Comapring Families in Song of Solomon, Narrative of Frederick Douglass and Push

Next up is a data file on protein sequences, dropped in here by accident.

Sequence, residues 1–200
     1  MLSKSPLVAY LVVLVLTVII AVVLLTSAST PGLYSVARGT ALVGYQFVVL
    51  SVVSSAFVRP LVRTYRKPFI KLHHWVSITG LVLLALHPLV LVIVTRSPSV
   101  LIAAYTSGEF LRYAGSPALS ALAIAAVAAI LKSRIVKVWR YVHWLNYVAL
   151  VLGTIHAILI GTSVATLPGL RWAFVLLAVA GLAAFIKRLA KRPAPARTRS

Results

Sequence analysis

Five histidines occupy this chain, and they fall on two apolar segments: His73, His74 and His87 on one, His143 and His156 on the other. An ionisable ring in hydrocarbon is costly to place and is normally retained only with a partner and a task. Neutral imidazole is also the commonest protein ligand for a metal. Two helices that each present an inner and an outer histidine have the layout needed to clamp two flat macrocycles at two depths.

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Role of Extended Families in Song of Solomon, Narrative of the Life of Frederick Douglass and Push The readings presented by African American writers vary greatly in style, context, and story line, however there are some common themes presented throughout. Among these themes is an expansive shift from what is generally considered to be a traditional, nuclear family. Each work presents a view of family life that, forced by events, shows people attempting to build non-traditional, extended families in an effort to identify themselves, understand where they fit in socially, and know their place in the world. It is important to clarify the definition of traditional and extended families in the context of minority populations. For the majority culture, a traditional family is thought to consist of the nuclear family (i.e. father, mother, and children). Minority groups tend to cast a wider net when defining members of their "families." The extended family is the norm in minority cultures, which consists of the nuclear family plus Aunts, Uncles, Cousins, and Grandparents. In the following works, each of the main characters are forced to go beyond what is considered the extended family structure to find what they need. Song of Solomon is the only story presenting even a glimpse of what can be considered a majority traditional family. On the surface, the Dead family presents all the mechanics of a normal and functional family attempting to live out the American dream. The family unit is complete; there are no overt problems or missing pieces of the puzzle. This image of a normal family quickly vanishes when we see how unhappy Milkman is within this family. He feels smothered; he lacks identity and direction for his life. His family does not provide what he needs most, a sense of where he belongs and fits in the world. In order to understand his own place and history he is forced to first leave his immediate family, then his extended family and finally begins his quest in search of unknown family members as a way of self-development. This quest is beyond the normal strive that a son takes to become his own person rather than the son his father envisions. It is a quest to understand himself as a whole person, to know where he fits in the "big picture" rather than simply following the family's expectations. He does not feel complete until he has discovered where he came from.

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